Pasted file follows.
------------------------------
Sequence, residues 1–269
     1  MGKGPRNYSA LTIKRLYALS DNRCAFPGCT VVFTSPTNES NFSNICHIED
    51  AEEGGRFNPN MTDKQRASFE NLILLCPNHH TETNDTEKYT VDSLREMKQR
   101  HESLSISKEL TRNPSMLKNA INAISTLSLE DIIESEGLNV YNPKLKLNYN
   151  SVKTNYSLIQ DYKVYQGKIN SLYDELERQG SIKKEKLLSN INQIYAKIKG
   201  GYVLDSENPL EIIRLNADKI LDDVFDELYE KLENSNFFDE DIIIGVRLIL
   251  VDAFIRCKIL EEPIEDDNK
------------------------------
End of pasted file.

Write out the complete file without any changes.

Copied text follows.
Sequence, residues 1–269
     1  MGKGPRNYSA LTIKRLYALS DNRCAFPGCT VVFTSPTNES NFSNICHIED
    51  AEEGGRFNPN MTDKQRASFE NLILLCPNHH TETNDTEKYT VDSLREMKQR
   101  HESLSISKEL TRNPSMLKNA INAISTLSLE DIIESEGLNV YNPKLKLNYN
   151  SVKTNYSLIQ DYKVYQGKIN SLYDELERQG SIKKEKLLSN INQIYAKIKG
   201  GYVLDSENPL EIIRLNADKI LDDVFDELYE KLENSNFFDE DIIIGVRLIL
   251  VDAFIRCKIL EEPIEDDNK